Franciscan teacher Richard Rohr and [CAC] staff…laid out their plans for a “Living School” to create a larger “delivery system” for upgrading Christian practice to the unitive or non-dual vision St. Francis lived so radically 800 years ago. Cynthia Bourgeault spoke passionately of the lack of spiritual teachers on the world stage to teach this message, with the Dalai Lama single-handedly holding the post. She spoke of the “betrayal of not only the Christian Church, but of humanity” when Christian leaders with a world platform focus on retrenchment and fear rather than the radical message of peace and oneness with creation and all humanity which Jesus, Francis and Clare lived so powerfully.
—Dr. Helen Daly (1945-2012),
My generation and the generation coming after me—we are desperate for a school like this Living School. We’re desperate for the wisdom teaching to be available. There are so few wisdom teachers; Richard is one of them. I just can’t say enough how much we need to get behind and support him so that his teachings continue long after he’s gone.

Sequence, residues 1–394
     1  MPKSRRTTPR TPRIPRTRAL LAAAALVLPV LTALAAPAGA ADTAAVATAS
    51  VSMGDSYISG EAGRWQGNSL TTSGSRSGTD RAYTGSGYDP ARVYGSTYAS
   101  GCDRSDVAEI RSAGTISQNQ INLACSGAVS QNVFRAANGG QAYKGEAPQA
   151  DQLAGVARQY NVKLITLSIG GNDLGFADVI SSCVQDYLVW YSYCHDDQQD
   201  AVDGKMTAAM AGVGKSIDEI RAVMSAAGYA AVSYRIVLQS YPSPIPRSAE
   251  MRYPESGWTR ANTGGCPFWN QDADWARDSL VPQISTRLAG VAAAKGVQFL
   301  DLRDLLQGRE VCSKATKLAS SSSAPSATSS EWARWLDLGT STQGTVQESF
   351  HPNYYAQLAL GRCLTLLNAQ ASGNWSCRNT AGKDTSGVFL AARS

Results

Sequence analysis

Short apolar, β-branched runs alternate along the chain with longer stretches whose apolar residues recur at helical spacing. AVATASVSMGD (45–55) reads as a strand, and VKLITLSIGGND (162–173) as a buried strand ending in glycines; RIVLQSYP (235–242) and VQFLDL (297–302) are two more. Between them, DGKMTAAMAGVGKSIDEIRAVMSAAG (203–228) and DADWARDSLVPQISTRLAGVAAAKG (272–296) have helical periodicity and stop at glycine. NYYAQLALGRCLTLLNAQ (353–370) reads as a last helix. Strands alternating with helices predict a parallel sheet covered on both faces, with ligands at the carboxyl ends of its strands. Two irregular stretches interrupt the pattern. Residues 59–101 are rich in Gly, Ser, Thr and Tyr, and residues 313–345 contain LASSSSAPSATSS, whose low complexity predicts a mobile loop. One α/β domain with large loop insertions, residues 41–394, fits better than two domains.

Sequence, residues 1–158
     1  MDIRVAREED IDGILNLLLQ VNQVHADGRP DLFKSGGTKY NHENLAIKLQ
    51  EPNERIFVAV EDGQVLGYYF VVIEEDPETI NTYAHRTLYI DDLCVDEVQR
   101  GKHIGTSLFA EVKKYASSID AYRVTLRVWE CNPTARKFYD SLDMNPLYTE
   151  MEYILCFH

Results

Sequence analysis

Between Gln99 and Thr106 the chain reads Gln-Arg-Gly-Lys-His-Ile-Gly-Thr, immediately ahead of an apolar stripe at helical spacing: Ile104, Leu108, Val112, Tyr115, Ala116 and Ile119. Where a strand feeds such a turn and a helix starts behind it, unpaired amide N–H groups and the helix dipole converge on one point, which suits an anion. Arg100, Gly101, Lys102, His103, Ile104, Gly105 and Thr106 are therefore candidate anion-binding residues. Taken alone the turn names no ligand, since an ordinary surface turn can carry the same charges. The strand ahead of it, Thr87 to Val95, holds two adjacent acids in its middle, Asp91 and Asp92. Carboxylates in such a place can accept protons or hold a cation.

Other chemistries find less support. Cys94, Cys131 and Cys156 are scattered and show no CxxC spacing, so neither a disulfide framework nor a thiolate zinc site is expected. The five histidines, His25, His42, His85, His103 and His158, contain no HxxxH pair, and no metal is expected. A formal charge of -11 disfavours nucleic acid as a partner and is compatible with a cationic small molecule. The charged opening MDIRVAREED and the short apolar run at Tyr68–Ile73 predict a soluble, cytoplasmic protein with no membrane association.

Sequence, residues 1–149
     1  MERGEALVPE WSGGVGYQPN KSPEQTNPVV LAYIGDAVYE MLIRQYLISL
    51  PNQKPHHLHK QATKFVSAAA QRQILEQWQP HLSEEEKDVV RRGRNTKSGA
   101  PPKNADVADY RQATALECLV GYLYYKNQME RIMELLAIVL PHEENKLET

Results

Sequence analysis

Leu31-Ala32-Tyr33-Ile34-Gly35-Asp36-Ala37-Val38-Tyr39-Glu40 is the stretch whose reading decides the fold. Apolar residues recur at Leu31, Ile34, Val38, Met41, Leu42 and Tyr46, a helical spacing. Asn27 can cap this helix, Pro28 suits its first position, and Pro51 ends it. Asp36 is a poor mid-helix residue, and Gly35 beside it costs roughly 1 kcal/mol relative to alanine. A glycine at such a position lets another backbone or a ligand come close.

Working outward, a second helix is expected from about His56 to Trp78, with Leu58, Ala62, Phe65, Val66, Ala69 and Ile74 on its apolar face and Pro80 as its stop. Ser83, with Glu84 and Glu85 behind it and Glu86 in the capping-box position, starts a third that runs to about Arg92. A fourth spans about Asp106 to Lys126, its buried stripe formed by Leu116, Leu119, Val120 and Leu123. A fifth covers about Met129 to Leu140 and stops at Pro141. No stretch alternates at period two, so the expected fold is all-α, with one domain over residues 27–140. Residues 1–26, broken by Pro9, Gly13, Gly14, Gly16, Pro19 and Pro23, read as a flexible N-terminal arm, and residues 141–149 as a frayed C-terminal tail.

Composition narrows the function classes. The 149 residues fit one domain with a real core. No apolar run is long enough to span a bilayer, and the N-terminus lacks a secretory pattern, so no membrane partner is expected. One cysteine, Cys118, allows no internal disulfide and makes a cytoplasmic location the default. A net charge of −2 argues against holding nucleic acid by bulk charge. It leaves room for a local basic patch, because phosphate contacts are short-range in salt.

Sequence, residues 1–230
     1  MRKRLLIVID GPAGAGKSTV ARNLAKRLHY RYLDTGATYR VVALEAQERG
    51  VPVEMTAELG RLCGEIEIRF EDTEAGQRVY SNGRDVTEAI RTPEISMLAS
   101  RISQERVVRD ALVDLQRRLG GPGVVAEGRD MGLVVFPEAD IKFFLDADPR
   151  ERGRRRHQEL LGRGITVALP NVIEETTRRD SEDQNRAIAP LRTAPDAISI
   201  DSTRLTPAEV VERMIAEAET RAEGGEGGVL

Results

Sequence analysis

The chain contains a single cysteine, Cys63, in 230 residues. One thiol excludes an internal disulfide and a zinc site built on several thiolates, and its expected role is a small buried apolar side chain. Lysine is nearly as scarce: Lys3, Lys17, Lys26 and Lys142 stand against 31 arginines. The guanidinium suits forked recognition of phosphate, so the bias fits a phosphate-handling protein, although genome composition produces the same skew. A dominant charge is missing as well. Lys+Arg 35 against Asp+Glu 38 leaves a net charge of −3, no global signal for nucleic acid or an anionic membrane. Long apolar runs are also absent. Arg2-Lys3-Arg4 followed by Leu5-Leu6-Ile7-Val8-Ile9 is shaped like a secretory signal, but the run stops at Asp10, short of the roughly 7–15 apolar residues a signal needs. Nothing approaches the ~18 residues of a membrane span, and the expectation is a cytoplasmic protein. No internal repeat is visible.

CAC Board member
Here are two related reasons why the time is right for this bold educational experiment. The Living School integrates contemplative practices with theological learning. People are hungry for authentic experience of God, but the church has not delivered.
—Mark Longhurst (’15),
“Learning Action and Contemplation”
(Read the full article on Patheos.)
This is not a school for mental grasping, but one where the material must be patiently chewed and slowly digested into all centers of “knowing.” It’s easy to feel mystical when on retreat, with meals prepared for you, hours of silence, and a nice view of the mountains, but as the title of Jack Kornfield’s book puts it: After the Ecstasy, the Laundry. I am slowly learning how to live from that inner still point of convergence of All in All . . . so that all I am and do may be the catalytic love of Christ-becoming.
—Gabrielle Stoner (’15)
The Living School is teaching me that God comes to us through our lives as Paula D’Arcy says. James Finley’s humor comes to mind: “It would be so easy to be a mystic if only I didn’t have to live my life.” That’s my challenge—to live these teachings.
—Peter Mathies (’15)
To have modern mystic elders help us understand mystics from other ages has given me new depths to yearn for and helped me to see that the adventure isn’t at a dead end!
—Alana Levandoski (’15)